Obviously, there was a lot of violence and bloodshed within the Aztec Empire. Human sacrifices usually would have been prisoners of war. The Aztec were known to start “flower wars” in which they would engage another city in combat for the sole purpose of capturing warriors for sacrifice. In order to become an Eagle Warrior, one had to capture a certain number of prisoners in two consecutive battles. The capture of prisoners was believed to be vital to the future of the kingdom. The Aztec gods required blood. For them, blood was kind of like Gatorade; it gave them energy do perform the celestial duties. Without blood, the sun would not rise, the winds would not blow and life would end. Within the remaining walls of the Templo Mayor, archaeologists have found sacrificial victims from other cultures around Mexico, buried with objects related to their society. These burial caches were meant to symbolize that Huitzilopochtli, the most important Aztec god, held dominion over all the peoples of Mexico. This brutal practice was one of the reasons that Cortéz was able to gather a massive army of indigenous warriors with which to fight the Aztec. The empire had made many enemies.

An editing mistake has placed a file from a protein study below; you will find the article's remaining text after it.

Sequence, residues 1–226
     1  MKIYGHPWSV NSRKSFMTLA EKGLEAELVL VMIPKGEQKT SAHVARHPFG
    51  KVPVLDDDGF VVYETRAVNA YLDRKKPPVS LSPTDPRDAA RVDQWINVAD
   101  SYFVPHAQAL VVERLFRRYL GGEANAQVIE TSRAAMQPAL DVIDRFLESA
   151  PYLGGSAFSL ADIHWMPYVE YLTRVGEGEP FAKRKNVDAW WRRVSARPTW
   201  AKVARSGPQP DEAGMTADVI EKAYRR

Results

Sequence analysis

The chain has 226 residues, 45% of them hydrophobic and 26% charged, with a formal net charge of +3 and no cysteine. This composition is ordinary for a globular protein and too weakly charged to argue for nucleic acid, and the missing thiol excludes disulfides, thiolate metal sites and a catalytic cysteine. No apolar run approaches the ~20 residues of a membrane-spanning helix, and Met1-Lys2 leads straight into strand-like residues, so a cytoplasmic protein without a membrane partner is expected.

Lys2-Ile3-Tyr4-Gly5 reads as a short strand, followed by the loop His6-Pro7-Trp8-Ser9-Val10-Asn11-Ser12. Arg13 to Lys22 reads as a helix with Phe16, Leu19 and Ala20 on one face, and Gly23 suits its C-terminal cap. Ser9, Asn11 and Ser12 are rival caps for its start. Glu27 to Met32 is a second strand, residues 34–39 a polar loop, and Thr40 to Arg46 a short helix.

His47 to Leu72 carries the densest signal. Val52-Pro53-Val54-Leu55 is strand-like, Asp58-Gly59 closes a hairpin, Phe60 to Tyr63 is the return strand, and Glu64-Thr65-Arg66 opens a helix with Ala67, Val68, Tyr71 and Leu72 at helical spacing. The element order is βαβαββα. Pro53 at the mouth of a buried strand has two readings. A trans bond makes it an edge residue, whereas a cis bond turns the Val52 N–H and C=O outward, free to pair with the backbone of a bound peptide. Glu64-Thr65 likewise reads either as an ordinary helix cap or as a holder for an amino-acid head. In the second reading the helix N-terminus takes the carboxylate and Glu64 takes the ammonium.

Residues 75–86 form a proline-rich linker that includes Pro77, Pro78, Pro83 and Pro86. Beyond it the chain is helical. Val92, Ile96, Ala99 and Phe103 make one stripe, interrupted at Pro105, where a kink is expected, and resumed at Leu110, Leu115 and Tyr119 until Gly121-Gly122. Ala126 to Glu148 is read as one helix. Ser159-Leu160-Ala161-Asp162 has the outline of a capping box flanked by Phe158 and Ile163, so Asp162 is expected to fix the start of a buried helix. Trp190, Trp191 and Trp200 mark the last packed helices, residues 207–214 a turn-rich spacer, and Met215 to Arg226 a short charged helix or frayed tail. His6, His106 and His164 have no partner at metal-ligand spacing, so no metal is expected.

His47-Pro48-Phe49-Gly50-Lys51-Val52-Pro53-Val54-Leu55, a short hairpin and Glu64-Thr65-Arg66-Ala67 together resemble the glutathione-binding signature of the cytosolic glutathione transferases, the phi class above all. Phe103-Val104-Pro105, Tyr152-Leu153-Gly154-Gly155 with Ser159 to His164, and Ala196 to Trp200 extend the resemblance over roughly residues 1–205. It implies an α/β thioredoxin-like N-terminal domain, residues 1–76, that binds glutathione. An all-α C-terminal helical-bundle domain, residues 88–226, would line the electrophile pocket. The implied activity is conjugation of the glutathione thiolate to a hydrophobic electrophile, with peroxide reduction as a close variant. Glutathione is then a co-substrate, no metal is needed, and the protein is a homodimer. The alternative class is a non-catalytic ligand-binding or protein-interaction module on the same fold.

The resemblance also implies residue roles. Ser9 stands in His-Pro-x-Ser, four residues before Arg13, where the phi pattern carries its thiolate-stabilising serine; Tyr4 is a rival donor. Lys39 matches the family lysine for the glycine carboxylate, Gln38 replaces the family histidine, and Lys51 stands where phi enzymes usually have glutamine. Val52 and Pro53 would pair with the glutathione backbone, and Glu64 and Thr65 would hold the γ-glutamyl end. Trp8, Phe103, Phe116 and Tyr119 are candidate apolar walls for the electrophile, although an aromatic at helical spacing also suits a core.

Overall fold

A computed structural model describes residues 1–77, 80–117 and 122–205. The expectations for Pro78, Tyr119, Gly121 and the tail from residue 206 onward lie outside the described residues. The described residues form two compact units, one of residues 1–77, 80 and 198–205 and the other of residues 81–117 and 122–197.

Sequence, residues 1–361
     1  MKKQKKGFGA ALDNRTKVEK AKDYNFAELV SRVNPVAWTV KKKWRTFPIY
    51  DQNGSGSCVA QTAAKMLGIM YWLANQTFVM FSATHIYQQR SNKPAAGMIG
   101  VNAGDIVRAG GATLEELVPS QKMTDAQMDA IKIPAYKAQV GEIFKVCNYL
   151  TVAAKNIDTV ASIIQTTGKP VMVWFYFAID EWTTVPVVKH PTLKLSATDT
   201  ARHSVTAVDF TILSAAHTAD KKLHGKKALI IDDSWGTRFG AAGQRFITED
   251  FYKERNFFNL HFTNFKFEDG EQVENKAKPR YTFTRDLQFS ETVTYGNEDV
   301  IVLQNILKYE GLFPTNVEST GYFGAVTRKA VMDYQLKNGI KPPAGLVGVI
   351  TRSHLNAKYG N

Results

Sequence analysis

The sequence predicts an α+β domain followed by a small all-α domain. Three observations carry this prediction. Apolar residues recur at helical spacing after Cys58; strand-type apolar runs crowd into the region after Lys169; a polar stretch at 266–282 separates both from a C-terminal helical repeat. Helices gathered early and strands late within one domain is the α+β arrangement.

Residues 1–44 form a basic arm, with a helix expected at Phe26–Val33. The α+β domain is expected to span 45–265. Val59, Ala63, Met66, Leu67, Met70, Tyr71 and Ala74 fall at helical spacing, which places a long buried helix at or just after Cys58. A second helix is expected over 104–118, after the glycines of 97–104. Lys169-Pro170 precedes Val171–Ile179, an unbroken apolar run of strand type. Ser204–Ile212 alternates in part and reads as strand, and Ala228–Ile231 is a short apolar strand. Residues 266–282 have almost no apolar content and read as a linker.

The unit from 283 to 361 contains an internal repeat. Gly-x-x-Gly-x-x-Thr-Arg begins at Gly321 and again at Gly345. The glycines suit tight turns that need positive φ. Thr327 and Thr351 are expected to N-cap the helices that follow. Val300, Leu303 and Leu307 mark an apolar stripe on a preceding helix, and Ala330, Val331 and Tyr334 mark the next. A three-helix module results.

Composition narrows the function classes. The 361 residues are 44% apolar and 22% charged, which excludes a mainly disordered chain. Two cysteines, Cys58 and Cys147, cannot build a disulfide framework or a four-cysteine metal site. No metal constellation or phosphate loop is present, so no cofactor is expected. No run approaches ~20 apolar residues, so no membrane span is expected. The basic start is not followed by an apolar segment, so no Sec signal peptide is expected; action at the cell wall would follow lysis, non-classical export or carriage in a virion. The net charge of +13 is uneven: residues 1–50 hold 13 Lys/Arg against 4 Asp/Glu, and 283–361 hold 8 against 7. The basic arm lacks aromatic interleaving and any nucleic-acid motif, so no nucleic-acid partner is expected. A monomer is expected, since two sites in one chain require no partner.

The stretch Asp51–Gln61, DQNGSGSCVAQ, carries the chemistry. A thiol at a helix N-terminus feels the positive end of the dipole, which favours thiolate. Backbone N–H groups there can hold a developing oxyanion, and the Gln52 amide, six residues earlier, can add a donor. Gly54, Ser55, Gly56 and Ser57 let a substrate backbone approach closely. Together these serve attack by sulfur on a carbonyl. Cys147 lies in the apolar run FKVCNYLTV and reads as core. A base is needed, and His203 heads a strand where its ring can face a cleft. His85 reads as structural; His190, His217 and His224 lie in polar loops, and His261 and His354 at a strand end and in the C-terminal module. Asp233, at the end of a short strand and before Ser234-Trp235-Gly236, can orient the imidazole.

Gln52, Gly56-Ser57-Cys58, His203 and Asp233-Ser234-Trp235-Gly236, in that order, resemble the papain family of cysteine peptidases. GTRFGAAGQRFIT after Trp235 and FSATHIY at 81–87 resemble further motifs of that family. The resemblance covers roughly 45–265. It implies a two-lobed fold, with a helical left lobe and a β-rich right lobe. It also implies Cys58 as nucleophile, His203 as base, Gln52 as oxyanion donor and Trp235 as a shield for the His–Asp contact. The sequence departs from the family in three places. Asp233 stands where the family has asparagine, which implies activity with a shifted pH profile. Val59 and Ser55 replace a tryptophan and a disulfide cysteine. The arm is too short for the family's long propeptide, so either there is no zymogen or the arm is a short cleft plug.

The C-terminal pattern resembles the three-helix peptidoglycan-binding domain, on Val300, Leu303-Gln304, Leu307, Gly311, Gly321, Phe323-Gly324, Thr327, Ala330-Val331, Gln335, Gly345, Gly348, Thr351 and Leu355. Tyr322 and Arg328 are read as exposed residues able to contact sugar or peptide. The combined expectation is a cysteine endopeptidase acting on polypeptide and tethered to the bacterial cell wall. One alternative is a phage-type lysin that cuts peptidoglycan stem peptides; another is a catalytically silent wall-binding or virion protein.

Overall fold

But besides all the violence and bloodshed, the Aztec were a highly innovative society. The air is rather dry in Central Mexico, and for that reason Lake Texcoco, the lake in which the Island City of Tenochtitlan was built, was a salt lake. However, the Aztec were able to create areas of freshwater by building dams between the areas where freshwater was coming down from the mountains and the briny water in the rest of the lake. Also related to the importance of water is the fact that the Valley of Mexico was filled with many cities and cultures at the time, and there was a fair amount of competition for arable land.